From the ABQNewsSeeker:
The Gallup Independent is reporting that an inmate at the McKinley County Detention Center was gang-raped by four other inmates on the weekend of Feb. 3-4, and that the inmate reported the incident to jail authorities, triggering a State Police investigation.
Peter Olson, state Department of Public Safety spokesman, confirmed that the State Police was looking into the alleged incident but said no information, including the original incident report, would be released until the investigation is completed, the Independent reported.
The State Police told the Independent on Monday that some documents in connection with the case could be released upon written request and not for at least three days.
And McKinley County District Attorney Karl Gillson told the Independent on Friday that his office still hadn’t received any information from the State Police about the alleged incident, the paper reported.
This reminded me of a blog post I saw on Ezra’s site yesterday, detailing a former convict’s “experience” in prison:
When I first came to prison, I had no idea what to expect. Certainly none of this. I’m a tall white male, who unfortunately has a small amount of feminine characteristics. And very shy. These characteristics have got me raped so many times I have no more feelings physically. I have been raped by up to 5 black men and two white men at a time. I’ve had knifes at my head and throat. I had fought and been beat so hard that I didn’t ever think I’d see straight again.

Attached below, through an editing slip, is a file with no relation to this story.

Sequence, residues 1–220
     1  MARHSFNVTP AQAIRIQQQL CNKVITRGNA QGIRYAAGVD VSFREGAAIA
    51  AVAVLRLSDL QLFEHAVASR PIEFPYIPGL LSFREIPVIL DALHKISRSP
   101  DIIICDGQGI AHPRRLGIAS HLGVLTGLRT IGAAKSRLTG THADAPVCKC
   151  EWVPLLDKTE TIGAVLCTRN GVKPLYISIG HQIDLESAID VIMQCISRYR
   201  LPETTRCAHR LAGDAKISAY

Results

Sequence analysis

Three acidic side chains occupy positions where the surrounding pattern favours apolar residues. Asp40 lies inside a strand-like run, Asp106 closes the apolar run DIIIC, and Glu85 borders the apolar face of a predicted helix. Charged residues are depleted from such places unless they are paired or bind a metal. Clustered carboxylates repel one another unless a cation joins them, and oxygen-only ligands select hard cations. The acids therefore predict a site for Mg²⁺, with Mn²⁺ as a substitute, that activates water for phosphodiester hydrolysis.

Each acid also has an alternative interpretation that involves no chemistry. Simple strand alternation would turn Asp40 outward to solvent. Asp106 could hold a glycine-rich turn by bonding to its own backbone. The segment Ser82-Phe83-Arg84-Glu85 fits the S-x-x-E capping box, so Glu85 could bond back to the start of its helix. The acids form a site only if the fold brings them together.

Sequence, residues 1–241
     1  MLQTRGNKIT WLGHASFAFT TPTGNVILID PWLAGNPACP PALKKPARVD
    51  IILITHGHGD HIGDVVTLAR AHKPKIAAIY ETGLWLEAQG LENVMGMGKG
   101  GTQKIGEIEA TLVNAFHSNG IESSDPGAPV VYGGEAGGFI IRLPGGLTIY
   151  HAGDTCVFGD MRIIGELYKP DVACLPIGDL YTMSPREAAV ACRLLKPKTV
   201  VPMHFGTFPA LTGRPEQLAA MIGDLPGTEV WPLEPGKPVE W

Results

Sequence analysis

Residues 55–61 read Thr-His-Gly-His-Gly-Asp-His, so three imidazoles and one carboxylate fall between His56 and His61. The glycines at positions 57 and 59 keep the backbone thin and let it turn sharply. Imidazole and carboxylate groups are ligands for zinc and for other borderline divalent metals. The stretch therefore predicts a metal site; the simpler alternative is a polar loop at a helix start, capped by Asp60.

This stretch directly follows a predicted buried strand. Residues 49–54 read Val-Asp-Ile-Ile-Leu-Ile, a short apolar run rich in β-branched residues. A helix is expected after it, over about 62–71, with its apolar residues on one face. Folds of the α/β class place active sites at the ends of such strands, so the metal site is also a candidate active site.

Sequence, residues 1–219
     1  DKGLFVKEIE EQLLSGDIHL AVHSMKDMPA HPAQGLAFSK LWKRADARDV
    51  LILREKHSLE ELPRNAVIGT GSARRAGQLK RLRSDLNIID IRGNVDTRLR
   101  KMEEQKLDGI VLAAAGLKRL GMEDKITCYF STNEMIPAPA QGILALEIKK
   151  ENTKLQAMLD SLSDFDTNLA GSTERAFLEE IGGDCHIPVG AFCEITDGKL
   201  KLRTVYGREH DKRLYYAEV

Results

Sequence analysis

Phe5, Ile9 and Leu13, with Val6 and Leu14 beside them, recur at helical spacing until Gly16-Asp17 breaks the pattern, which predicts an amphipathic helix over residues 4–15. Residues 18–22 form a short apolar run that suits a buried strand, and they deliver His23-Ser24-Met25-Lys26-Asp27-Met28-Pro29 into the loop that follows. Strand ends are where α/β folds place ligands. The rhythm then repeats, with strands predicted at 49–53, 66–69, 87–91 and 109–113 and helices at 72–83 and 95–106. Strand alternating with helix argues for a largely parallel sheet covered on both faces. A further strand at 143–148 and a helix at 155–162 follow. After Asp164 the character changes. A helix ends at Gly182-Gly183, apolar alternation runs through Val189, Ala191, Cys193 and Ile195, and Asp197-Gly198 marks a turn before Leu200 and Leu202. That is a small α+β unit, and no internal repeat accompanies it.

There’s more, but Ezra adds this point:
The crime this man committed for us to throw him into a jail where we know he’ll be brutally assaulted, raped, and possibly contract a terminal immune system disease? Drinking and driving.
We spend a fair amount of time talking about detainee treatment and Guantanamo. But there is no greater, or more common, human rights abuses in America than those occurring in our overcrowded, constantly expanding, jails.
I don’t want to say that we shouldn’t punish offenders, but the injustices which occur in this country every day make it easier to spread those injustices throughout the world. Every time we turn a blind eye to a gang rape in a U.S. prison, we set a precedent that that type of behavior is acceptable, when it is not. Ezra had a later update:
There’s no political upside to helping criminals, and the prison guard’s unions are terrifically powerful on the state level. But politically tough as it may be to address, it’s morally abhorrent to ignore. And we have to remember: Every single time we sentence a suspect to jail time, we are tacitly consenting not merely to his imprisonment, but to his savage sexual assault, with all the physical and psychological damage it will bring.
If you want to get involved, or donate money, or learn more, Stop Prisoner Rape is the leading organization on the issue. Their website is here.